Article Date: 5/1/2011

Becoming the Student
reflections
THE HUMAN SIDE OF OPTOMETRY

Becoming the Student

A recent trip reinforced the value of optometry's roots.

Mary Anne Murphy, O.D., Broomfield, Colo.

Having traveled abroad many times before, I assumed my trip to Tanzania—my first trip to Africa—would more or less be the same: I'd be experiencing a different culture, language, food, customs and meeting new people. But what I got out of this particular trip was far more than I expected.

Here's my story…

Assuming too much

As a representative for Optometry Giving Sight (www.givingsight.org) and Vision Source (www.visionsource.com), I traveled to the African country to work at a grassroots level with the International Centre for EyeCare Education (ICEE) (www.icee.org). Specifically, I was asked to mentor local optometrists.

Some of these eyecare practitioners had been working in vision centers that opened in Tanzania the previous year. Others would be staffing six new Tanzanian vision centers scheduled to open in the near future.

One of my tasks as a mentor to these fellow eye doctors was to discuss anterior segment imaging. As most of these optometrists had been in practice for several years, I prepared my lecture as I would for any of my stateside colleagues. It would be an overview of normal and abnormal conditions that might typically be viewed during a routine exam.

Upon my arrival, however, I was informed that the O.D.s I'd be mentoring would be given their very first slit lamp, and I would be providing instruction on its use. At this point, I realized a discussion on specular reflection to evaluate endothelial damage due to contact lens wear was a bit overzealous. So, in the wee hours of my first night in Tanzania, I didn't just scrap my prepared lecture but also all my preconceived notions of optometry in Tanzania.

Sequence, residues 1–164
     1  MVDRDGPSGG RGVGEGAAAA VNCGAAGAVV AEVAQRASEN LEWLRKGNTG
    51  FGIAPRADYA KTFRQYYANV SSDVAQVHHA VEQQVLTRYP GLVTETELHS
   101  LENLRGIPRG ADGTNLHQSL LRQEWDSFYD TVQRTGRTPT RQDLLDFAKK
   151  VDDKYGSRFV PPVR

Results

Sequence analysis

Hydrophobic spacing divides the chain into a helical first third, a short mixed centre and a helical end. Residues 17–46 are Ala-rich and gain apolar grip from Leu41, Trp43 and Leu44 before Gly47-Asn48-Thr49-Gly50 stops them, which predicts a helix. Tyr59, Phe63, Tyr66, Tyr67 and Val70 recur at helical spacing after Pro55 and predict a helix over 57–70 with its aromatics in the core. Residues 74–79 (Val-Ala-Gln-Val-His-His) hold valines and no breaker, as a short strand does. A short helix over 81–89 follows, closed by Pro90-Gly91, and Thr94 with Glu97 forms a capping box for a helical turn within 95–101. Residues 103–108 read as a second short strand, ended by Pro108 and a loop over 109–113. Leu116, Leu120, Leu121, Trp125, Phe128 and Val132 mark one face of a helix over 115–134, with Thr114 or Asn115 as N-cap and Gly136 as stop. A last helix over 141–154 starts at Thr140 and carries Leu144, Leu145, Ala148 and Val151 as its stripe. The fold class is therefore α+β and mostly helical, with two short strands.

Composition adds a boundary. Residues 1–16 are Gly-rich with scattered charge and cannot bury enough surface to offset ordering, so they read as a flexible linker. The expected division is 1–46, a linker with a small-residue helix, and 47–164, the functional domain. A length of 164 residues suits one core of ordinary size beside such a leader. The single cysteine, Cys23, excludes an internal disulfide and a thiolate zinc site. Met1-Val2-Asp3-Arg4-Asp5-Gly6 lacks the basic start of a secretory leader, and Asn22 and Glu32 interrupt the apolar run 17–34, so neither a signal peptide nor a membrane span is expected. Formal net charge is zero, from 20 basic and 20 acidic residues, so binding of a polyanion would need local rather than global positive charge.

Dr. Murphy explains how to use a slit lamp to a group of optometrists in Tanzania.

A re-discovery

While the Tanzanian optometrists were excited about the prospect of having a slit lamp, they were quick to inform me that as they practiced in an environment of unreliable electricity and voltage surges, the instrument would be an ancillary, not required, tool in their eyecare model.

At first, I felt as if I was in Bedrock and I might actually see my new colleagues moving cars with their feet. Life in Tanzania was pole pole (pronounced poley poley), which is Swahili for slllloooooooww. I am not sure whether it was the 95°+ daily temperature or the 80%+ humidity, but I kept glancing at my watch to check the schedule. I soon realized, however, that I was alone in this accountability. This was the pace here, and I was told that “in the end, the things that needed to be accomplished would be.”

I am grateful for the three weeks I spent working side-by-side with these eye doctors. Those 20 days enabled me to rediscover the importance of taking one's time, a thorough case history and honed retinoscopy skills—all of which are the roots of providing excellent eye care. So while I went to Tanzania to teach and share my Western education, it is I who was actually the student. OM

To learn more about Optometry Giving Sight or to make a donation please visit www.givingsight.org.


DO YOU HAVE A MEMORABLE EXPERIENCE YOU'D LIKE TO SHARE? DISCUSS YOUR STORY WITH JENNIFER KIRBY, SENIOR EDITOR OF OPTOMETRIC MANAGEMENT, AT (215) 628-6595, OR JEN.KIRBY@WOLTERSKLUWER.COM. OM OFFERS AN HONORARIUM FOR PUBLISHED SUBMISSIONS.

Optometric Management, Issue: May 2011